HALIFAX - The province is moving to establish a committee to consider changing building codes in order to improve accessibility in new residential buildings, a city committee heard Monday.
HRM’s manager of municipal compliance gave the accessibility advisory committee an update on proposed changes that would require lever-style doorknobs and faucets, wider doors and hallways, and out-swinging bathroom doors in new homes.
Changing HRM’s building code needs approval from a provincial minister, but Jim Donovan told the committee members that after his discussions with the province, the Nova Scotia Building Code Advisory (NSBCAC) committee took action without a formal request from the city.
“They like the idea. There’s never been enough traction around this in the past,” said Donovan, to surprised and pleased reaction from the committee members.
Donovan said the NSBCAC voted last week to begin developing the terms of reference for a new committee, focused specifically on building codes, that would include representatives from HRM and the residential construction industry.
“There’s always been some concern about the pushback from the residential housing sector,” said Donovan. “I’ve spoken to the (Nova Scotia) Homebuilders Association…their perspective is that as long as it’s a rule that applies in the entire province, we’re good with it.”
The committee could recommend letting HRM make the changes alone, or changing the provincial building code – though Donovan said it may not agree with all the recommendations.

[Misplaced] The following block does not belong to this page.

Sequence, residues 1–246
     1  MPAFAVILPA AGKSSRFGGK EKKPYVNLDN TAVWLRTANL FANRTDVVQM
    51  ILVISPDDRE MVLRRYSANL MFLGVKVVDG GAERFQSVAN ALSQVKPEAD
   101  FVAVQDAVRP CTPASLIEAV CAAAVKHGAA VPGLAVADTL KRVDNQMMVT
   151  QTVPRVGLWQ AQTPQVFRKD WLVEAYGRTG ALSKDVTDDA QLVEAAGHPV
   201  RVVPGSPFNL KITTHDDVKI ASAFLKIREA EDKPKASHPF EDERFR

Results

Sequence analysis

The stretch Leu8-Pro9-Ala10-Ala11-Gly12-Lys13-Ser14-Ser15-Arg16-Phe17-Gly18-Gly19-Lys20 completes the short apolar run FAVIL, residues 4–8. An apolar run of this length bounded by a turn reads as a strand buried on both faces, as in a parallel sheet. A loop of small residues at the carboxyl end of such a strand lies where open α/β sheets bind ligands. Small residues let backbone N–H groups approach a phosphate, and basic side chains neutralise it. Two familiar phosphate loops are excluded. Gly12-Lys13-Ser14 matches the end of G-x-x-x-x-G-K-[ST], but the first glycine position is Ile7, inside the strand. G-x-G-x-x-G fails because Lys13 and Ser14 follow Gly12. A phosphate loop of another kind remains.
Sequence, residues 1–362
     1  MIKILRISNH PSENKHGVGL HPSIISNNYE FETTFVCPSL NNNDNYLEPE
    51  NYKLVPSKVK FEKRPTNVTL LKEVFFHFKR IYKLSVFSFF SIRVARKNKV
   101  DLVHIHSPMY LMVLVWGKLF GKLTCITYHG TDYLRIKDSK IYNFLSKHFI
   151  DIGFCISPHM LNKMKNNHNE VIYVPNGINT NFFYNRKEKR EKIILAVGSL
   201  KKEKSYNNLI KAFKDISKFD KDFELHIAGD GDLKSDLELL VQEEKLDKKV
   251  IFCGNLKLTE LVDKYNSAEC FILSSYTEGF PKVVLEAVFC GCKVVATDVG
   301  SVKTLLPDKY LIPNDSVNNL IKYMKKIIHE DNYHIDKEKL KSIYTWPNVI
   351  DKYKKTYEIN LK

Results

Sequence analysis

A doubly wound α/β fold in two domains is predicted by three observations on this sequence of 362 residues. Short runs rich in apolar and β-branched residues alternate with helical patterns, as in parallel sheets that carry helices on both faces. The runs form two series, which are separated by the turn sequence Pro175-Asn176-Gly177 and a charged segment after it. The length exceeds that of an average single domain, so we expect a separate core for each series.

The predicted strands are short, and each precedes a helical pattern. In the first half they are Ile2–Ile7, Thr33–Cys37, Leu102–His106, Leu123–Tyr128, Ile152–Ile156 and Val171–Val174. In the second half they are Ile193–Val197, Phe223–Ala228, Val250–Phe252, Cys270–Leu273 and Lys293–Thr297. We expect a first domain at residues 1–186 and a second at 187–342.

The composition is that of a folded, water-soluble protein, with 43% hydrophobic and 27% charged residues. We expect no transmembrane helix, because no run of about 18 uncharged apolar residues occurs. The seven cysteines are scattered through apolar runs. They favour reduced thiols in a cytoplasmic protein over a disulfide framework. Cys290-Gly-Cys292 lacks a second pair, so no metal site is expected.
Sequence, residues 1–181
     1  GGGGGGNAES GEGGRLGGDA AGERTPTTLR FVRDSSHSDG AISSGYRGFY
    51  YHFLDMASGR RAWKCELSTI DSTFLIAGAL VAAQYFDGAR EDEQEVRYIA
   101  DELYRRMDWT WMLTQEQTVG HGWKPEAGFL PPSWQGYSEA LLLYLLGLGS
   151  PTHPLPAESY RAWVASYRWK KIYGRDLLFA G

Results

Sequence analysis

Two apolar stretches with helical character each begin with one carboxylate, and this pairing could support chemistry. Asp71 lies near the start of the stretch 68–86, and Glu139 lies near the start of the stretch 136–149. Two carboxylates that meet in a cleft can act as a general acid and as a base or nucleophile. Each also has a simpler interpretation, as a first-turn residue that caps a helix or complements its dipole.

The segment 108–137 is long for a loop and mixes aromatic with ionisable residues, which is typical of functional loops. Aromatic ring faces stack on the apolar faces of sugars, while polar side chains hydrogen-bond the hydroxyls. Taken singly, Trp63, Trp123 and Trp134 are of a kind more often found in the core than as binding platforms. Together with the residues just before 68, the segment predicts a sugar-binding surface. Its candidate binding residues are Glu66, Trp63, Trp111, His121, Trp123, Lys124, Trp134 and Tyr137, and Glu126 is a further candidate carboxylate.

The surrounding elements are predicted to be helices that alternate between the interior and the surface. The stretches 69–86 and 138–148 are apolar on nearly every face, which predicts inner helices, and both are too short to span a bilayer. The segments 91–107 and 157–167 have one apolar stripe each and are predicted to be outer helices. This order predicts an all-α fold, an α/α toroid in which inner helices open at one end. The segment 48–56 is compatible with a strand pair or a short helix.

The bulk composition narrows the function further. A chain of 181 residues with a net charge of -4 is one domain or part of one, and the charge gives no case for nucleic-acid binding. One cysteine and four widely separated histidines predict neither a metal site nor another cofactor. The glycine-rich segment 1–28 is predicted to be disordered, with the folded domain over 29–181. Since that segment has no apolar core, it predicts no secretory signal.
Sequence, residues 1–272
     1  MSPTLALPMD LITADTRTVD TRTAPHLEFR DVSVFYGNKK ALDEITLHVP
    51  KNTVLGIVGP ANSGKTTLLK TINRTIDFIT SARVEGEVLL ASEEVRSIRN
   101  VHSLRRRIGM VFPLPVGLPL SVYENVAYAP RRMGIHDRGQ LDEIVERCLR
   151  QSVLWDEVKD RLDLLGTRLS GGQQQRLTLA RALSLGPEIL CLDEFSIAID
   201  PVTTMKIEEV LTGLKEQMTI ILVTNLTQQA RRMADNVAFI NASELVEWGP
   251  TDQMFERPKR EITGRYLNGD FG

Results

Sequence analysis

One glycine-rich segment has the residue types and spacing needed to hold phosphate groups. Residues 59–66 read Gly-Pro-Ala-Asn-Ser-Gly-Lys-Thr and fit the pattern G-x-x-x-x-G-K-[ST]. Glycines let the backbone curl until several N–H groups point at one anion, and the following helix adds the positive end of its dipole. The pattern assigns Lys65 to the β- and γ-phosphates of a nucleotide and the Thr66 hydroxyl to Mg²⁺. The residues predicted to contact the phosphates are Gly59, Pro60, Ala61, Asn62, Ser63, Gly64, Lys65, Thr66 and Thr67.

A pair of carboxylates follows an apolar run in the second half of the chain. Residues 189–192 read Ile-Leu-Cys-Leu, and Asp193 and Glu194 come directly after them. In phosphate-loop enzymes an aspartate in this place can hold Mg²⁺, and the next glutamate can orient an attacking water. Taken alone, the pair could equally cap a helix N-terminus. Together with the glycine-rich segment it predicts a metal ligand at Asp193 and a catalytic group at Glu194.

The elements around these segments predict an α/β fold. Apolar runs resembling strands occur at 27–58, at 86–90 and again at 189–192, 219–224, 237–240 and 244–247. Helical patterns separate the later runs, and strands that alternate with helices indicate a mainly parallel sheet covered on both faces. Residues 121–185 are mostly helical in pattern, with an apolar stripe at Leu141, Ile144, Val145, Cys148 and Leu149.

“The province knows that HRM is 70 per cent of the construction driver in the province…so they know our research is as good as it’s going to get,” he said. “But certainly, they’re not going to stand behind all our recommendations.”
Donovan said city staff have compared Nova Scotia and HRM’s building codes to those in British Columbia, Vancouver and Ontario to determine what “liveability” requirements existed in homes.
He said in those jurisdictions, elements like doorknobs, light switch and receptacle heights and plumbing rough-ins are governed in homes and all residential buildings, without any impact on the cost of construction.
“(It) changes nothing about the cost of the building, it just re-directs the mindset of the builder,” he said. “It’s really about changing the convention.”
Donovan said potential members could be invited to join the new committee in August.